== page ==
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Correction to This Article
An Oct. 16 A-section article credited only Global Witness for producing a report on illegal logging in Madagascar. The report was jointly produced with the Environmental Investigation Agency.
Natural Resources Under Siege
Illegal Trade Soars in Madagascar As Island Nation Struggles Politically

By Karin Brulliard
Washington Post Foreign Service
Friday, October 16, 2009

MAROJEJY NATIONAL PARK, Madagascar -- A political crisis in this African island nation has triggered a pillage of its mythical wildlife and forests, and conservation groups fear that the peril will worsen as donors suspend funding to punish coup leaders running the country.

Conservationists say the problem is particularly distressing in Madagascar, because it is a land like no other. After the island broke off mainland Africa 160 million years ago, Indian Ocean isolation created a biological laboratory that spawned thousands of plants and animals -- massive moths, brawny baobabs, a hundred species of furry lemurs -- that exist nowhere else.

Security in Madagascar has broken down since a coup in March, and traffickers have smuggled out record numbers of Ploughshare tortoises, one of the world's rarest, for sale to Asian and European collectors, environmentalists said. A nature organization has exposed a lemur-poaching racket providing scores of the rare primates, roasted, to restaurants in port cities.

Most troubling, activists said, is a brazen plunder of protected forests by armed bands of illegal loggers who, by threatening park rangers, loot prized hardwoods for a "timber mafia" that exports them to lucrative furniture markets in Asia and the United States.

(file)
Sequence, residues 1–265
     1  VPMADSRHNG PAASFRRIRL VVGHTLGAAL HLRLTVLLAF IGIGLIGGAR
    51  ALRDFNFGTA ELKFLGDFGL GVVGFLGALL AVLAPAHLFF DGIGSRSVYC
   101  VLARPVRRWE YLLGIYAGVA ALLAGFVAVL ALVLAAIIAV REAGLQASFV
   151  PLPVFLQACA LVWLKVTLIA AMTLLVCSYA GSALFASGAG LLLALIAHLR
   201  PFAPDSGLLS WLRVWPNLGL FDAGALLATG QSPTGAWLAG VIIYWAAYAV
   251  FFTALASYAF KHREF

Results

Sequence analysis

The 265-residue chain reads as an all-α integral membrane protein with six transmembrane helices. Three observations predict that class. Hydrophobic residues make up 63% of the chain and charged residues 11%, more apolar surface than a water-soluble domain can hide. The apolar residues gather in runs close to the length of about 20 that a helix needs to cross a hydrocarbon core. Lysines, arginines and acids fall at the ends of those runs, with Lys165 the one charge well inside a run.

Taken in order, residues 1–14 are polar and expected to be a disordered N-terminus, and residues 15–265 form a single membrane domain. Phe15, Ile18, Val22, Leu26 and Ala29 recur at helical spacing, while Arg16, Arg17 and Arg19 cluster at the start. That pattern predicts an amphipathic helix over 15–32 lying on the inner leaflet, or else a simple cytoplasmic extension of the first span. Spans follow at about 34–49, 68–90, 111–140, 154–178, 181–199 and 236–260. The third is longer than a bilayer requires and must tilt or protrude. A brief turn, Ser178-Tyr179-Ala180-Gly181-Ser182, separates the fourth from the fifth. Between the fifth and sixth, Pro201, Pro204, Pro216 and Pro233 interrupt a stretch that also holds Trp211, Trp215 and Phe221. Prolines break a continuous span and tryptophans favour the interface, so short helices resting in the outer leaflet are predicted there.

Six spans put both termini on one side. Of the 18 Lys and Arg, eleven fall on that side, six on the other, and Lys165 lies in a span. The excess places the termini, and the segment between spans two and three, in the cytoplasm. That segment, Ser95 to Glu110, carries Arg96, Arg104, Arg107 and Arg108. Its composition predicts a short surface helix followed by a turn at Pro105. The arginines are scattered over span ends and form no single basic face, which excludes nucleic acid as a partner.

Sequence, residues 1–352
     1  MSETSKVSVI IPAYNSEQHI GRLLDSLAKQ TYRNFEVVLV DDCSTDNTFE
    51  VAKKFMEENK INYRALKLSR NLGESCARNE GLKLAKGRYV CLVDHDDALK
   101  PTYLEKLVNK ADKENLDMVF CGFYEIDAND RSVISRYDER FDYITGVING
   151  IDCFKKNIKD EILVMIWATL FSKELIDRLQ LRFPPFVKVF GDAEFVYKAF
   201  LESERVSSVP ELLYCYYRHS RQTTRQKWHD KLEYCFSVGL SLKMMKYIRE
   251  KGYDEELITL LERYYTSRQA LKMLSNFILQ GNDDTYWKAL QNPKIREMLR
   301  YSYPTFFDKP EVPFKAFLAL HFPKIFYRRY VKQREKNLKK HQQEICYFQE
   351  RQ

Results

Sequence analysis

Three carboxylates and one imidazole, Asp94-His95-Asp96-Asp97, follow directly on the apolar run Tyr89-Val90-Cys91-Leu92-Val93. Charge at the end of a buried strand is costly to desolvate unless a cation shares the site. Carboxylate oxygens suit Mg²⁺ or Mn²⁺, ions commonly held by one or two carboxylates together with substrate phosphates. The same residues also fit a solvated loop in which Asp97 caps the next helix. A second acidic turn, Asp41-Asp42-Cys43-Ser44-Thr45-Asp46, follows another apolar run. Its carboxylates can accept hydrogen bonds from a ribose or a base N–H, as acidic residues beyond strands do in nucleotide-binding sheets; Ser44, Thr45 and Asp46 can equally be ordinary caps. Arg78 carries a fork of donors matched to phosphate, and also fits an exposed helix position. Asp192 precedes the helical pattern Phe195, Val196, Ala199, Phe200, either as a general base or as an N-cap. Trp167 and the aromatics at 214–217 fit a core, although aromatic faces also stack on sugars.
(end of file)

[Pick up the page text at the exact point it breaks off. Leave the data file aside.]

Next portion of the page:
'Exploiters Everywhere'

"Once the crisis exploded, there was no more state of law in Madagascar," said Herve Bakarizafy, the director of this park, which closed for two months this year as gangs felled hundreds of rosewood trees in a luxuriant forest that is home to 11 species of threatened lemurs. "Everyone saw the exploiters everywhere, even us. What could we do?"

On a continent with fantastic natural wonders and turbulent politics, what is happening in Madagascar is simply a fresh example of what can occur when the two intersect. Years of war in Congo have fueled assaults on forests and gorillas. A decade of economic collapse in Zimbabwe has coincided with sharp declines in rhinoceroses and other wildlife.

"When there's a governance crisis . . . you just know what's going to happen," said David Reed, director of the macroeconomics program at the World Wildlife Fund. "The profiteers are going to come in. You know there's going to be illegal logging, game hunting, extraction of mineral wealth. It's very predictable."

Years of deforestation and slash-and-burn agriculture left just 10 percent of Madagascar's original vegetation, and protecting what remains is an urgent concern of international conservation groups. That effort has made great strides in the past three decades, they say, through programs to expand protected areas and encourage sustainable farming.

That is in large part because of donor funding that props up one of the world's poorest nations. About one-quarter of Madagascar's national budget, and 70 percent of investment spending, comes from outside assistance. Its national parks system draws 80 percent of its budget from donor funds, according to a parks official, and half of that is from the World Bank.

But after the coup, most international donors and lending agencies suspended or terminated non-humanitarian assistance, such as environmental programs, until a constitutional government is put in place. That is a typical response, but conservationists say it could be devastating for Madagascar's flora and fauna and the thousands employed to preserve it.

"Madagascar's real brand, the real competitive advantage, is this unique biodiversity," said Russell A. Mittermaier, president of the Washington-based Conservation International and a lemur expert. "By cutting the funding, we're not just hurting Madagascar, we're hurting the world as a whole."

Tourism and economic growth, which rose steadily in recent years, have plummeted since former president Marc Ravalomanana, a business tycoon with an authoritarian streak, was ousted by the DJ-turned-mayor of the capital city, Andry Rajoelina, who had military backing.